An incalculable amount of time and effort has been given to the setting up and running of the Yeatman hospital by local people, since the original concept for having a hospital here in Sherborne was raised over 150 years ago. This continues unabated today and Friday 8 July 2016 saw the doors thrown open for a celebratory garden party in honour of the 150 years this wonderful local institution has been serving the good people of Sherborne and the surrounding district. We all have had cause to be very grateful when an incident has meant we have found ourselves to be the beneficiaries of all the effort that has been made on our part. For me it was on a very recent Saturday lunchtime when my husband came back from town with a couple of bags of shopping and having inadvertently left his reading glasses on he managed to misjudge the kerb, stopping his fall with his face, which a friend of mine was encouragingly moved to observe is the way you do these things as you get older, and so we found ourselves waiting for the duty nurse at the Yeatman to patch him up. We had walked there but I noticed on the wall a dispensing machine and for the princely sum of £1 you could buy your way out of the hospital car park. What a wonderful system!
As an example of some of the many fundraising efforts that have happened along the way let me take you back to June 1927 and it is carnival week and all the proceeds will go towards the building of a maternity ward and smaller private wards and offices at the hospital with over £3,000 of the £6,000 needed already raised. All the shops are taking part in a competition to create the best window display. There is a souvenir booklet and programme published by the Sherborne Chamber of Trade on sale, printed by ‘Dorset’s Largest Printers’ J C and A T Sawtell of Sherborne and I have a copy in front of me now. There is a number just inside the cover, my number is 2011, and by scouring the windows of shops in the town it may just be that this number is displayed on an item that will become mine to take home at the end of the week. There are many hundreds of such items donated as prizes and just think of the excitement that will be engendered.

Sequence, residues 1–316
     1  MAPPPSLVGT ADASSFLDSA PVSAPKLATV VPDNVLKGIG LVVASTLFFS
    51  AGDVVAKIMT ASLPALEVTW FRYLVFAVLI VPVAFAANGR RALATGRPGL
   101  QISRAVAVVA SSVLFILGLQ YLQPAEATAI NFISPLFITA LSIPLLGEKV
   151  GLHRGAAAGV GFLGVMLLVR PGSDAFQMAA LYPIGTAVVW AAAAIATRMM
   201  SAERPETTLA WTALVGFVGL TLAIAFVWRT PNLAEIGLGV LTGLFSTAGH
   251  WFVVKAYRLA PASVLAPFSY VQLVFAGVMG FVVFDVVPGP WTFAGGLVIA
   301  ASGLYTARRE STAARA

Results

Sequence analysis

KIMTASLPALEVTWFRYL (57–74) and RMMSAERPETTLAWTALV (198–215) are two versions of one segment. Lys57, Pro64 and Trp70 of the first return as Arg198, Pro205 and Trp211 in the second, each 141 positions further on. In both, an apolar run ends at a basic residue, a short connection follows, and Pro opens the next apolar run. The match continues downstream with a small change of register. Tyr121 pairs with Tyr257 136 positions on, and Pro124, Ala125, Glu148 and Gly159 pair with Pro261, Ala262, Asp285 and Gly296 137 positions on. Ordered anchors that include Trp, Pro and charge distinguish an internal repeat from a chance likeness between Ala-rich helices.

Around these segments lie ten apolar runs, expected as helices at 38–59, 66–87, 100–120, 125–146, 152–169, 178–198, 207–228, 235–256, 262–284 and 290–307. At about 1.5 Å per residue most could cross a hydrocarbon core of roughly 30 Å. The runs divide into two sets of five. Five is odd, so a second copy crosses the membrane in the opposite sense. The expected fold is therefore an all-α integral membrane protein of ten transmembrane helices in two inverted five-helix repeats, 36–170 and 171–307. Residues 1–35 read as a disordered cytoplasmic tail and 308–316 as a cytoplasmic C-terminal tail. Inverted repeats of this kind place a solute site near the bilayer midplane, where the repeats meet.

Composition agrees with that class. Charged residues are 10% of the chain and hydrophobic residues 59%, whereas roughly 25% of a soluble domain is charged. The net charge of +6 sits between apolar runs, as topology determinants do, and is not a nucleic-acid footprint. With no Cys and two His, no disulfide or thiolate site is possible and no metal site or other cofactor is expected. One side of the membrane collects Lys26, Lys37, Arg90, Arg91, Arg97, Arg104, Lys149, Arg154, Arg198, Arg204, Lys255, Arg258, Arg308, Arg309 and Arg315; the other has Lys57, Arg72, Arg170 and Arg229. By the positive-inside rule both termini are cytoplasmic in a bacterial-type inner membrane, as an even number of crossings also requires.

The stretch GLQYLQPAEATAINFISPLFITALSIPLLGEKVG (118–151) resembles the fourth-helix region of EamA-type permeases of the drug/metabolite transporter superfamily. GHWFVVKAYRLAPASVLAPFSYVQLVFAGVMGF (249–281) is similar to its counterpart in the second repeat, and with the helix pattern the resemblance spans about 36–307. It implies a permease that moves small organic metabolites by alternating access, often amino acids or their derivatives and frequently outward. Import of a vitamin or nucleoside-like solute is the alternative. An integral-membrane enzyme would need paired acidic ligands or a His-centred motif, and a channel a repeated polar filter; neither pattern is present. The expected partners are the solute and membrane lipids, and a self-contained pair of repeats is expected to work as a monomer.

Awarded joint first place in the window display competition was R F Rickard, painters and decorators, and Harden, Trevett and Son Ltd, ironmongers. Second was C Kitzerow and third was R Reeves for The Picture Palace which had working models of windmills at the front. There were lots of highly commendeds and special mentions so the whole thing seems to have been a great success all round. On a serious note there are a few ‘Don’ts for Shoppers’ at the back of the book such as ‘Don’t be mislead into thinking you cannot purchase goods in your own town equally as good as those from elsewhere’. ‘Don’t forget that the tradesmen of Sherborne pay rates and taxes towards the upkeep of the town and therefore need and deserve your support’ and don’t forget that ‘LOCAL FIRMS EMPLOY LOCAL LABOUR – a point worthy of remembrance’.
Before any vehicle could enter the town it would be held up by ‘highwaymen’ who demanded an entry fee and once paid, a ticket displayed in the windscreen of each vehicle would allow free access on any return visits during the week.
My booklet contains the programme of daily events with something exciting to see or take part in happening every day.